Experiences with various sensor technologies show that different principles exhibit different features, which are more or less suitable, but no single basic technology can cover a range of different applications with optimum performance. For instance, it was found that the optical measuring technique is especially attractive for the monitoring of dissolved oxygen (oxygen partial pressure in solution), and therefore is especially attractive to be used in modular sensors and sensor systems according to the present invention, owing to its simplicity and the quick response behavior. The optical measuring technique is therefore a valid alternative to electrochemical sensors. The optical measuring technique is in addition feasible for measurements of the sodium-, potassium- and calcium-, nitrite- and chloride activity as well as several uncharged target components and substrates such as alcohols, amines, glucose, humidity, lactate, etc. gases such as NOx, SO2, NH3 etc within the specimen directly.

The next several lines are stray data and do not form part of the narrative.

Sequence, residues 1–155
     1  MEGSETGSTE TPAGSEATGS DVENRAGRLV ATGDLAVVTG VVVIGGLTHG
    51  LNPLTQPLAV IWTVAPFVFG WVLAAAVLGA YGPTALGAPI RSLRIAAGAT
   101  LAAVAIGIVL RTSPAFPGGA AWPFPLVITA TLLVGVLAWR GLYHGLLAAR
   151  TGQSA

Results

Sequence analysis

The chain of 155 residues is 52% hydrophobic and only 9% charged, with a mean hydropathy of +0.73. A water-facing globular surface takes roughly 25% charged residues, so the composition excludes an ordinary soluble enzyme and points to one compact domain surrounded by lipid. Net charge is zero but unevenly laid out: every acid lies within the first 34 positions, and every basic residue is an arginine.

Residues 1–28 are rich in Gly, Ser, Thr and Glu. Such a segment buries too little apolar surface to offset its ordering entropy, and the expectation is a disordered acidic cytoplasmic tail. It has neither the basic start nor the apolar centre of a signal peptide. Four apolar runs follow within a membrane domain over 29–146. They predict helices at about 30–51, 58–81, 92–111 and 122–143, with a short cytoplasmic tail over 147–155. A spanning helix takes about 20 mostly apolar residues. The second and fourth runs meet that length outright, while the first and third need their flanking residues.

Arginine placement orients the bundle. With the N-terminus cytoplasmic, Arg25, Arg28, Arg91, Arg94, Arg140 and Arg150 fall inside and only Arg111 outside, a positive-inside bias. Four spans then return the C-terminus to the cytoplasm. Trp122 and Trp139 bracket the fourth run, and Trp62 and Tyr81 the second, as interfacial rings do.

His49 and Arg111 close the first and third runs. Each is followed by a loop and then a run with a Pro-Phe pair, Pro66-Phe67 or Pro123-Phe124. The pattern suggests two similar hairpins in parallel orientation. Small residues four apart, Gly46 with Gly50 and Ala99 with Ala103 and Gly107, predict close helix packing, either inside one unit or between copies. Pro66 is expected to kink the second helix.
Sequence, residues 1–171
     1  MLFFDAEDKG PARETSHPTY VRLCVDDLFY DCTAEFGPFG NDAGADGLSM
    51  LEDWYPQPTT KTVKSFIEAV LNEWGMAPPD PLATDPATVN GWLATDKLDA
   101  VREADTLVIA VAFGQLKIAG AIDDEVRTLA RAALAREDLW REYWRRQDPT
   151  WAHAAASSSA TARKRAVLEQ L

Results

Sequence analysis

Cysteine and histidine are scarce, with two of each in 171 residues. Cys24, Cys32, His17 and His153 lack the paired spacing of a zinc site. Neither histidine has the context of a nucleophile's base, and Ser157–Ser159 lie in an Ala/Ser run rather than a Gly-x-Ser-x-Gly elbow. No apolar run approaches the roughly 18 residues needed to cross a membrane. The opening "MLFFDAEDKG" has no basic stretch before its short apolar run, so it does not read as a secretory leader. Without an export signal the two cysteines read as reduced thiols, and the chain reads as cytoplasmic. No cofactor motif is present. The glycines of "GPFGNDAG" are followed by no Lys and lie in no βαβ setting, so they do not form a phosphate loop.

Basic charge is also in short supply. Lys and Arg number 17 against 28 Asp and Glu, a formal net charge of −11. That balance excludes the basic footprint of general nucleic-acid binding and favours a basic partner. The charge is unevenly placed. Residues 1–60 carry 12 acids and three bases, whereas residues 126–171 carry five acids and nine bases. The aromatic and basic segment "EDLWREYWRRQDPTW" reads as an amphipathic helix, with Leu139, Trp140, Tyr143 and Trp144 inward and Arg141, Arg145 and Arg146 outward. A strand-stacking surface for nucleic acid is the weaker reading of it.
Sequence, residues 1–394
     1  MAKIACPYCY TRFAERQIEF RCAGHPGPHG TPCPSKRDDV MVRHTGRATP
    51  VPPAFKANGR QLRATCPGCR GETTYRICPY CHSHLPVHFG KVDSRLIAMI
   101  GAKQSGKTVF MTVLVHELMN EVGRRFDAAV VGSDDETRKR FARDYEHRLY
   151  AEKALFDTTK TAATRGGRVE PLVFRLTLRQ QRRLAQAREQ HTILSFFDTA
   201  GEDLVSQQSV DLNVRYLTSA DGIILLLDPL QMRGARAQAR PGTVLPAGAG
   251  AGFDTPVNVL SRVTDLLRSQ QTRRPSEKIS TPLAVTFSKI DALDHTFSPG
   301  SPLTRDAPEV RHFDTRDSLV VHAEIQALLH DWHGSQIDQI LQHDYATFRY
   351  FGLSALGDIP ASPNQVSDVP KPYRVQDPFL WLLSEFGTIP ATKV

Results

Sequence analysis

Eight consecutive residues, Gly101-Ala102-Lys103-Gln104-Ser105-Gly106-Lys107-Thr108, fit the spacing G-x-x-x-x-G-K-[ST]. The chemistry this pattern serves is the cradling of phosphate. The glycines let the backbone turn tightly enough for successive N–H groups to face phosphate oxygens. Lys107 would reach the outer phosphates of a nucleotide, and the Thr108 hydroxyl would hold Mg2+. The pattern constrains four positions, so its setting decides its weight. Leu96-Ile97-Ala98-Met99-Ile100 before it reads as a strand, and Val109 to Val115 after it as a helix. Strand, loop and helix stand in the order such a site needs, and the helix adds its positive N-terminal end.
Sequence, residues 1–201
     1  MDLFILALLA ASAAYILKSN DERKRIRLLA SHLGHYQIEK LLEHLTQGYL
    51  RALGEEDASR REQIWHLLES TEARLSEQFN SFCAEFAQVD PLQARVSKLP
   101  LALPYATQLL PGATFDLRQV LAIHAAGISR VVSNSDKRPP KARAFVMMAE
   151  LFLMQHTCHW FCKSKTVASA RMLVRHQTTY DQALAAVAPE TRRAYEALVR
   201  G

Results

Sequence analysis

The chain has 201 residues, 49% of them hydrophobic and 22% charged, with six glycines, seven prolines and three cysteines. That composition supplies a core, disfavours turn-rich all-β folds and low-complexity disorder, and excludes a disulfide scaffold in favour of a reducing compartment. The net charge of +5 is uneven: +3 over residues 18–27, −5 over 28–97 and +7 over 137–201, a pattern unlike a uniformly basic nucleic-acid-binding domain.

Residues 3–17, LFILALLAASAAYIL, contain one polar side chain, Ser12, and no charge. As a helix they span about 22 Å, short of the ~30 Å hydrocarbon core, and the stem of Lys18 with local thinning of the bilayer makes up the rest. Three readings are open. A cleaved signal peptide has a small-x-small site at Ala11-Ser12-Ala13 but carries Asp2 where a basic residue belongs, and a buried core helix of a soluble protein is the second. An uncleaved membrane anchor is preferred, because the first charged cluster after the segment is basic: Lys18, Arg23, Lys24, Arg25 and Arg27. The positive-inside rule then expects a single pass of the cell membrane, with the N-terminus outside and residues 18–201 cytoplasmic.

Particularly suitable calibration-free assays are e.g. the decay-time (luminescence decay-time) according to Draxler, S.; Lippitsch, M. E.; Klimant, I.; Kraus, H.; Wolfbeis, O.; J. Phys. Chem. 99/10 (1995) 3162-3167, and the symmetric measuring technique according to Rumpf, G.; Spichiger, U. E.; Bühler, H.; Simon, W.; Anal. Sciences 8 (1992) 553-559. The symmetric maesuring techniques e.g. according to Haase, A. E.; “Investigation of the interaction between iono-selective liquid membranes and measured quantity in view of the continues monitoring of cations in blood” (Untersuchung der Wechselwirkung zwischen ionenselektiven Flüssigmembranen und Messgut im Hinblick auf die kontinuierliche Erfassung von Kationen im Blut). Diss ETH Nr. 10453 (1993) is adapted to prepare reference materials for the quality assessment of electrochemical determinations of the active molality of ions. Such reference materials/quality control specimens are not available world-wide.
It has now been found that through such a symmetric measuring technique or by using symmetric membranes showing optimum compatibility with a specimen, respectively, and by using a symmetric arrangement of the measuring cell, reference materials for determining the molal activity of ions e.g. for quality assessment can be prepared. Reference materials are e.g. aqueous solutions of lyopilized blood plasma or -serum.